- Eyewitness – Tulsa riots, 1921 survivors, 2003-05-14: National Visionary Leadership Project / interviews conducted by Camille O. Cosby is a multi-media collection included in the Library’s American Folklife Center collection, the National Visionary Leadership Project. It is a series of three interviews conducted on May 14, 2003 on the subject of the 1921 Tulsa, Oklahoma race riot. It Includes the memories of John Melvin Alexander, Kinney Ivis Booker, Joe Ira Burns, Otis G. Clark and Genevieve E. Jackson, who were children during the 1921 Tulsa Riot. They recall growing up in the African American neighborhood of Greenwood, race relations in Tulsa, and the Ku Klux Klan in Oklahoma. They discuss the bombing and burning of Greenwood, fleeing Tulsa, and the rebuilding of the neighborhood. James O. Goodwin, attorney for Tulsa Riot victims in the 2003 court case Alexander, et al., v. Oklahoma, et al., is interviewed about the case. These materials are only accessible onsite at the Library in the American Folklife Center or the Motion Picture/TV Reading Room.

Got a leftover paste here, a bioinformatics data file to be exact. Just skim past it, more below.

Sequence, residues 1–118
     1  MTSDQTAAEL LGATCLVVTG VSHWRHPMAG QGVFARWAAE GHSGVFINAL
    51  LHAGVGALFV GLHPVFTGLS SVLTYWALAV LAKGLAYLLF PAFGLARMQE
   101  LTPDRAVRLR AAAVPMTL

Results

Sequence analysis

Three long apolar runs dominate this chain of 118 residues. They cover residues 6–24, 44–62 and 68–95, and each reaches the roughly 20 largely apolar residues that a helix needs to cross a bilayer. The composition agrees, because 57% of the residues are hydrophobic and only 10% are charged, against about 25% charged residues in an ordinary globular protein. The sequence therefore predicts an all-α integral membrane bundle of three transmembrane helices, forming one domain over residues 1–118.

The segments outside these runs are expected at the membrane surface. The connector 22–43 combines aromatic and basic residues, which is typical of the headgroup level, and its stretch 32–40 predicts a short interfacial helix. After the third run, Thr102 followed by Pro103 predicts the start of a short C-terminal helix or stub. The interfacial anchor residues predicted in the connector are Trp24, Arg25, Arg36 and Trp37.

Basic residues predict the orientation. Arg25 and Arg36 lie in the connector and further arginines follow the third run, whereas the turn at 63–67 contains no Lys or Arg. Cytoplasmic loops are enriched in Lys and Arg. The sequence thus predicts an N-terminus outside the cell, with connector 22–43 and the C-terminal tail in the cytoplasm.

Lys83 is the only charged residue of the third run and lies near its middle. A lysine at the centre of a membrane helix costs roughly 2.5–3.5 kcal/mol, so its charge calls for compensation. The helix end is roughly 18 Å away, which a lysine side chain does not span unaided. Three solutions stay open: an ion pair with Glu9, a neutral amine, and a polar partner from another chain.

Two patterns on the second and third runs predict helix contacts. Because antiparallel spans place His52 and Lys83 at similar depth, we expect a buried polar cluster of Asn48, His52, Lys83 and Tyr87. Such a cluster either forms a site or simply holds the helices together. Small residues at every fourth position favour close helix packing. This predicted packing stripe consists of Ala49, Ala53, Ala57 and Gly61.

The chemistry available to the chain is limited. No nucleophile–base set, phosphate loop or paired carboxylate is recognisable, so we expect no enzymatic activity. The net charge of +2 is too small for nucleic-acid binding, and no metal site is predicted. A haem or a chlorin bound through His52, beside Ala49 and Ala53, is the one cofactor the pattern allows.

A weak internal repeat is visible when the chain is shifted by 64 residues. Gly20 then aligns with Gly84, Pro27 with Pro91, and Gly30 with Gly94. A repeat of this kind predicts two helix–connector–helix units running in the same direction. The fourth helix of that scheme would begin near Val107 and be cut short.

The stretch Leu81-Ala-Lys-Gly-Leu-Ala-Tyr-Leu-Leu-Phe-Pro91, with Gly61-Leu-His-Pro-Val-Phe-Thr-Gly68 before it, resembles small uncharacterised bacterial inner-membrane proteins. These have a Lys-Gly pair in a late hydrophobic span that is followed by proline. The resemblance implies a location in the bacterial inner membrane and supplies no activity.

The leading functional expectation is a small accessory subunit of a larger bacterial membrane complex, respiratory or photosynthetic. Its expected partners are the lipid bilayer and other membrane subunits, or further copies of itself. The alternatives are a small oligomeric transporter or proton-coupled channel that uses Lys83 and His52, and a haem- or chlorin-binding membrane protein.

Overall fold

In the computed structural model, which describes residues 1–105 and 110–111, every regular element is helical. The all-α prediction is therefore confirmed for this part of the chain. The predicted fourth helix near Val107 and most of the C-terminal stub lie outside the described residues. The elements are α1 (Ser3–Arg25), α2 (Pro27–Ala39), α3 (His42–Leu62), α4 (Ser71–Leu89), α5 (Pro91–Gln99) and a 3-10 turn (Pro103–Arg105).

- The Library of Congress Blogs provide the opportunity for the Library’s subject specialists to connect their collections to significant events, people, and items of special interest. To commemorate the Tulsa Race Massacre the following blog posts are of interest:
- Visit the website of the Tulsa Historical Society and Museum to view their online exhibit 1921 Tulsa Race MassacreExternal and access their online collection of related artifactsExternal.
- The Tulsa City-County Library(TCCL) provides information about available resources related to the Tulsa Race Massacre through their Tulsa & Oklahoma History Resources GuideExternal. Also view TCCL’s Tulsa Race Massacre Centennial ExhibitExternal.